Should lawmakers be allowed to trade stocks? Joe Biden will leave the decision to Congress
The White House said on Tuesday that President Joe Biden would leave the debate over stock trading to congressional lawmakers, some of whom have proposed legislation banning such a practice for their colleagues.
White House press secretary Jen Psaki was asked during a briefing whether Biden thinks lawmakers and their wives should be allowed to own and trade stocks.
“The president didn’t trade individual stocks when he was a senator. That’s how he approached it,” Psaki told reporters. “He also thinks everyone should be held to the highest standard, but he’ll let congressional leaders and congressmen figure out what the rules should be.”
The response comes as a number of bills have been introduced to ban lawmakers from trading stocks.
Democratic Senators Jon Ossoff and Mark Kelly introduced the Congressional Stock Trading Ban Act last week. The legislation would require lawmakers, their spouses and dependent children to place their stock portfolios in a blind trust.
Ossoff and Kelly said the intent was to prevent members of Congress from using any privileged information gathered through their elected office for personal gain. The penalty for violating the law would be a fine equal to the amount of their entire salary.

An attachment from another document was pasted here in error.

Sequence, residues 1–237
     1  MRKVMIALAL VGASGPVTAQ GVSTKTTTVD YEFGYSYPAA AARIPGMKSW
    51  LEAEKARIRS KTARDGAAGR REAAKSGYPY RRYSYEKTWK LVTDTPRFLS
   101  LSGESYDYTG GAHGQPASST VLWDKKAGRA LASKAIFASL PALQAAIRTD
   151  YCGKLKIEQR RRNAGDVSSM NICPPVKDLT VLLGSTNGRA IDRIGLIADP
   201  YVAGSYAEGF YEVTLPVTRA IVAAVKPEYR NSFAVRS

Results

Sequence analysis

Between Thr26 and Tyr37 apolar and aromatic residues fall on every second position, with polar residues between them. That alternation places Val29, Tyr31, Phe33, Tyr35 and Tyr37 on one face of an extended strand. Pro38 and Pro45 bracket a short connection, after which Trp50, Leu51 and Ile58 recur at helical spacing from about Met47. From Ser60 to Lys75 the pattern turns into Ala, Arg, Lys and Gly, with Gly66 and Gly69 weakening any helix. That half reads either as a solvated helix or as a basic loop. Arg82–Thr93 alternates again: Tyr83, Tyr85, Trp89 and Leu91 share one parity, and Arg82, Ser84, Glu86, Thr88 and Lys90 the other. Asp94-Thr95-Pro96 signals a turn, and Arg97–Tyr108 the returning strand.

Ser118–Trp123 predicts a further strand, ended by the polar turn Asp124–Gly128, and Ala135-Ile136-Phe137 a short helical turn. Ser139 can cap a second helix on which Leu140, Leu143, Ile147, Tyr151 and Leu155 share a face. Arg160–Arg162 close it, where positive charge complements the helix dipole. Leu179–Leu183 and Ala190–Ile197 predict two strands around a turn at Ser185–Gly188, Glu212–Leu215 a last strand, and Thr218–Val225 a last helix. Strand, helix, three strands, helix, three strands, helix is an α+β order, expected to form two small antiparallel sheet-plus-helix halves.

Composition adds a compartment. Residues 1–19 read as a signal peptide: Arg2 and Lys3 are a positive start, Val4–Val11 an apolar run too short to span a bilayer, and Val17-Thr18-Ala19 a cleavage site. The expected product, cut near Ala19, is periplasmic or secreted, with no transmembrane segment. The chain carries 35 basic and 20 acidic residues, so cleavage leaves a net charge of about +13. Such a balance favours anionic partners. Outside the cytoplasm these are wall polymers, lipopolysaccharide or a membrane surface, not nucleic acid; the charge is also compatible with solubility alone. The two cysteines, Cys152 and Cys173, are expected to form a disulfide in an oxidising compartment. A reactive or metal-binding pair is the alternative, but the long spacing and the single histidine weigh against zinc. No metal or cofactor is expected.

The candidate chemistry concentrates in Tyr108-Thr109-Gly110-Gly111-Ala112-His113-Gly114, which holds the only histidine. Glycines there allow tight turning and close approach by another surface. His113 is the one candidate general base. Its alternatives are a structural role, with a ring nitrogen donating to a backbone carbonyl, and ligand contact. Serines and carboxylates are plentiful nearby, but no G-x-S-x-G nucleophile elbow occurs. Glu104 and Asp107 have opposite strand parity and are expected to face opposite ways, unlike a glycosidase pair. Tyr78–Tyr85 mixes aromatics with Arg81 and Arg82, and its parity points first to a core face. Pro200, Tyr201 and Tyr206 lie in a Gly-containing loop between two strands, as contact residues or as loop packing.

Kelly said the bill “will end corrupt insider trading and ensure congressional leaders are focused on getting results for their constituents, not their stock portfolios.”
Their legislation contrasts with House Speaker Nancy Pelosi, who told reporters in December she was against banning stock trading after several progressives, including Rep. Alexandria Ocasio-Cortez and Senator Elizabeth Warren, condemned this practice.
“We are a free market economy,” Pelosi said at the time. “They should be able to participate in that.”
Republican Sen. Josh Hawley also announced he would introduce the Insider Trading Ban Act to Congress, which would ban lawmakers and their spouses from buying and trading individual stocks. Members should divest of any prohibited assets or place those assets in a blind trust for the remainder of their term. Unlike the Ossoff and Kelly bill, the ban does not apply to dependent children.
Under Hawley’s bill, those who break the rules will have to turn over any illicit profits to the US Treasury.
“Year after year, politicians somehow manage to outperform the market, buying and selling millions of shares of companies they are meant to regulate,” Hawley said in a statement. “Wall Street and Big Tech are working hand in hand with elected officials to enrich each other at the expense of the country.”
Newsweek reached out to Ossoff, Kelly and Hawley to comment on the White House statement but did not receive a response before publication.
Updated 1/18/22, 3:35 PM ET: This story has been updated for clarity.